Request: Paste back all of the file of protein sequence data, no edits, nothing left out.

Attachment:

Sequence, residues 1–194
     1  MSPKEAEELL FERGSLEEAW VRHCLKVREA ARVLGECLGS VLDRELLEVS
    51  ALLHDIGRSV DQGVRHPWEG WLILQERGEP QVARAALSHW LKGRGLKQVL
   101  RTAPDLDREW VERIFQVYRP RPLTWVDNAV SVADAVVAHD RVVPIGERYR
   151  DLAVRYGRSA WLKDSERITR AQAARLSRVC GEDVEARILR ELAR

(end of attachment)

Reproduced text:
Sequence, residues 1–194
     1  MSPKEAEELL FERGSLEEAW VRHCLKVREA ARVLGECLGS VLDRELLEVS
    51  ALLHDIGRSV DQGVRHPWEG WLILQERGEP QVARAALSHW LKGRGLKQVL
   101  RTAPDLDREW VERIFQVYRP RPLTWVDNAV SVADAVVAHD RVVPIGERYR
   151  DLAVRYGRSA WLKDSERITR AQAARLSRVC GEDVEARILR ELAR